When you’re building a business, the experts all say that you should make your list building strategy a priority. Using social networks like Twitter and Facebook for your marketing is great, but those might not be around forever. Email has been around for a long time and it will likely exist a long time into the future as well.
I’ve briefly mentioned this before, but I’m currently using Sendy to manage my email subscribers and send out my monthly newsletter. However, I wasn’t always using Sendy to accomplish this task. For around a year, I was using Mailchimp, a similar product.
We’re going to see what Sendy is, how to use it, and why I’m using it over the various alternatives that exist.
Sendy is a self-hosted email newsletter application that is powered via Amazon’s Simple Email Service (SES). The emphasis that should be focused on when it comes to Sendy is around being able to host it on your own servers, keeping you in full control of the data.
I use Sendy for The Polyglot Developer to build an email list that I can send an email digest to on the first of every month. These digests contain some information about what I’ve been up to, where I’ll be in the coming month, and the tutorials I wrote in the previous month. I’d like to think it is useful for anyone interested in the content that I produce.
Because Sendy is not a subscription, it is dirt cheap to operate and very easy to use.
So what are some of the things you can do with Sendy?
When it comes to list building, you aren’t limited to just one brand within Sendy. In other words, if you have multiple companies, you can use a single instance of Sendy to manage each one of these companies.
Each of these brands can have their own rules. For example, if you’re hosting a brand for a friend, you can limit how many emails per month they can send and you can even charge them a fee automatically.
When you create a brand, you’re able to create an unlimited number of lists. Now you might be wondering, why would you need more than one list for your business? You might create a different list for each audience that you want to target.
When it comes to The Polyglot Developer, we maintain a generic master list and then a list for specific programming technologies like NativeScript or Golang. Members in the NativeScript category are probably interested in NativeScript related email content, so we can use those lists for custom targeting.
It is important to know the statistics around each list that you’re maintaining. For example, you want to know how many emails have bounced, who has been opening your emails, and what they’ve been clicking on. Knowing information about your subscribers helps to maintain a quality list, which will go a long distance.
Over time you’ll want to remove subscribers that are not active to help reduce costs and maximize your lists potential.
It doesn’t always make sense to manually email your subscribers. Instead, it might make sense to use a drip to send emails to your subscribers in an automated fashion on a schedule over time.
With a drip campaign you can schedule pre-made emails to go out to new users based on certain criteria. For example, you could have a new email go out every week, or on the anniversary of their sign up. Drip emails are useful for keeping your users engaged without burdening you with having to manually email everyone who signs up.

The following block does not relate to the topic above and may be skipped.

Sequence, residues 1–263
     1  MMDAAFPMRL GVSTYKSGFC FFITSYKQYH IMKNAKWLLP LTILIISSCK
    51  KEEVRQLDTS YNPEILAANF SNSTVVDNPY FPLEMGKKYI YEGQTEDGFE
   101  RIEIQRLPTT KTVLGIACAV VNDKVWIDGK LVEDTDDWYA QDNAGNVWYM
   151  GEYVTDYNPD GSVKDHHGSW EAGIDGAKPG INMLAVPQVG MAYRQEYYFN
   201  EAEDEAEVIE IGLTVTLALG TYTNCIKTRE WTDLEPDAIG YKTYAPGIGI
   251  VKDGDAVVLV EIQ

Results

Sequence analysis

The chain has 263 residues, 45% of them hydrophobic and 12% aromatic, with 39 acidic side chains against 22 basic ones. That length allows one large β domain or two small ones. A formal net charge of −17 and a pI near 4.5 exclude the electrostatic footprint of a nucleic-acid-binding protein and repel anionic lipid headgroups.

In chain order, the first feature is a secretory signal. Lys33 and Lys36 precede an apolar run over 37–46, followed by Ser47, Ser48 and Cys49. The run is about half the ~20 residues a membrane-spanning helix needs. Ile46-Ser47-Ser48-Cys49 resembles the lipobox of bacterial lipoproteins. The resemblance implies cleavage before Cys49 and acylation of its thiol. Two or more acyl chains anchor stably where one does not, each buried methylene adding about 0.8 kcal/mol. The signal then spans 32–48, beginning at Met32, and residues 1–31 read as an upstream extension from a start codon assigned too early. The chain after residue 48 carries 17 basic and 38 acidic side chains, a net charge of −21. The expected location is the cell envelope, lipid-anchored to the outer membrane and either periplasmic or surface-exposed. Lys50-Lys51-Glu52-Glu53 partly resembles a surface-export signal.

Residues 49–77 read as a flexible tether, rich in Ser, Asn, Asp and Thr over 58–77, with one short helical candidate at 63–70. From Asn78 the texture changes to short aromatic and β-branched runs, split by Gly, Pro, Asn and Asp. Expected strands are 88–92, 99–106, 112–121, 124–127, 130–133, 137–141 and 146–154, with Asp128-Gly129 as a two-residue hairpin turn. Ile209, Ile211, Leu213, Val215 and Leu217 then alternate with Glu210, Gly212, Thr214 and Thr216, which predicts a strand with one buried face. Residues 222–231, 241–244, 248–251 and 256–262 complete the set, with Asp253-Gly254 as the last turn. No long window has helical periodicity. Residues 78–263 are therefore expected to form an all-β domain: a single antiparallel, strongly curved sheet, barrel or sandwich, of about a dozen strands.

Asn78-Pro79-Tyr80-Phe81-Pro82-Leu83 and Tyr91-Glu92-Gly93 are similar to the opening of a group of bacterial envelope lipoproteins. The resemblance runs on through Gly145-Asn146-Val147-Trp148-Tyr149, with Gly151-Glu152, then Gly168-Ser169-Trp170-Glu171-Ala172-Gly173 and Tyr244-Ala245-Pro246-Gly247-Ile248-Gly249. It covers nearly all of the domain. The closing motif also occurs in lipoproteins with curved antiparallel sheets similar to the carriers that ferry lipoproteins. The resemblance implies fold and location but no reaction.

Probably the main thing that comes to mind when it comes to email lists is the email newsletter. In addition to creating drip emails, you can create campaigns to go out to various lists or based on certain criteria.
When sending campaigns, you can schedule them for a certain date, or you can schedule them based on a certain segment criteria. For example, if you wanted to send emails to only people in the United States, you can choose to do so.
After a campaign has been sent, you can view the statistics around its performance.
Using the Sendy dashboard, you can see how many people received the campaign email, how many people opened it, and how many people clicked the links in the email itself. Not only this, but you can see the demographic information among other things.
Like I mentioned previously, Sendy is a self-hosted solution for managing an email list. Most alternatives are hosted services that you pay a subscription for.
Take Mailchimp for example, the service I had used previously. The service is free until you reach around 2,000 subscribers and then it costs around $20 per month. Sendy is a one time fee for the software and then you pay Amazon per email sent through its transactional email service. Amazon charges $1 for every 10,000 emails sent which is quite cheap.
When it comes to features, Sendy has quite a few, but subscription services might have a bit more. For example, services like Mailchimp have a nice selection of email templates, where in Sendy, you have to create your own. Not a big deal for me, but your needs might be different.
Sendy has proven itself to be a great software for The Polyglot Developer in terms of list building and email newsletters. Using it is dirt cheap because of AWS SES and I get the satisfaction of knowing that I’m in control of the data submitted.
This article contains affiliate links. If you decide Sendy is something you’re interested in using, please use one of the links on this page so I receive credit.
If you’re already using Sendy, check out some of my previously written articles with tips and tricks.